Thursday, April 26, 2018

Nonprofit organizations count on direct mail appeal letters

Image: USPS Mail Truck
Large and small nonprofit organizations count on direct mail fundraising appeal letters.  The difference is larger nonprofit organizations usually have a development/marketing department while the smaller nonprofit employees wear many different hats. A solicitation letter, when executed correctly, can be an excellent asset for a successful fundraising campaign but what should you include with the ‘ask’?

•    The outer envelope.  (usually a #10)
•    The solicitation letter (8.5” x 11”)
•    A Brochure (optional)
•    A pledge/reply card
•    A return envelope for the pledge card (usually a number #9, #8, #7, or #6)

The solicitation letter
•    Make your letter emotional and personal. Give details of how your nonprofit organization effects the cause.
•    Try to tell just one story instead of multiple stories. Talk directly to the possible donor.
•    Make the reader feel important.
•    Keep your story short enough to scan, but it should inspire action.
•    Use the pronouns ‘YOU’ and ‘I’ often.
•    Always use present tense.
•    Create a sense of urgency about the return. We do not want the letter to sit on top of the fridge where it can be forgotten.

The Brochure
The brochure can be a great accompany piece but might significantly elevate the cost of the campaign. A well-written letter can do the job, but I suggest monitoring multiple appeals with a brochure and without. When you calculate your total costs for each campaign, you will have a better understanding of which appeal works best. The ‘donor list’ is probably the best choice for the end result.

Pledge card
I like to use 8.5” by 11’ evenly cut into three pledge cards.  I think it is an excellent idea to perforate the pledge card, so half of it is retained for their tax records, and the other half is mailed back to the nonprofit using the return envelope.
•    Define gift levels that are easy to understand: (for example)
~ $25 will buy school supplies for five kids.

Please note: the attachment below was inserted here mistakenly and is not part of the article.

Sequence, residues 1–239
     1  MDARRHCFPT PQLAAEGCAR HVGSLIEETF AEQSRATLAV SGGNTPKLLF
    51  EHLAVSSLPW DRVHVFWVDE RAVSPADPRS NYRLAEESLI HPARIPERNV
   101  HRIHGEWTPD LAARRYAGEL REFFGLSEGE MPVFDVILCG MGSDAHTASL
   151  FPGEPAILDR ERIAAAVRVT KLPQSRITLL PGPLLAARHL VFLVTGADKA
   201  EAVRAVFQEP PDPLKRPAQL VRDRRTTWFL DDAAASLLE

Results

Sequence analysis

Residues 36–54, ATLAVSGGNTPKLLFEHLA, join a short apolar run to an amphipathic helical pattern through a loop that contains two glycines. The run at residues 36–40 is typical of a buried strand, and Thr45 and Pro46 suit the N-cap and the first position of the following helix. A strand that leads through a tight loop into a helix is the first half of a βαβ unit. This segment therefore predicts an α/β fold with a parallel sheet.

~ $50 can feed ten families.
~ $100 can clean 1000 square feet of water.
•    Make sure the pledge card is easy to write on because, for example, marriages change last names, and misspellings can occur, forcing people to pen in the changes. The best change, however, is when you see the promised pledge amount replaced by a much larger donation! Assign someone to make the corrections in your donor database or Masterfile.

The Return Envelope
•    I prefer the #9 return envelope that of course be pre-addressed. The smaller the envelope the closer you are to donors folding pledge cards and checks. The reason I do not like folded pledge cards and checks is the incurred cost to have someone unfold them.
•    Lots of nonprofits use envelopes with prepaid postage, but I have never been a fan of the nonprofit paying for return postage.  I do not think it is necessary. Once again, try keeping tabs on multiple campaigns with and without prepaid postage to get your answer. I suggest including a URL on the bottom of your ‘ask’ that goes directly to your donation page.

Call to Action: Reinforce your call to action using social media. Follow your direct mail fundraising campaign with emails, text, Facebook, Twitter, and Instagram posts. When a donor sees multiple reminders about a cause, it increases the possibility of a donation online.

Remember, a nonprofit organization can also use a professional fundraiser for direct mail.

This above blog post is for informational purposes only.  The material discussed should not be construed as legal advice or a legal opinion on any specific facts or circumstances.  You should consult legal counsel concerning your own situation and any legal questions.


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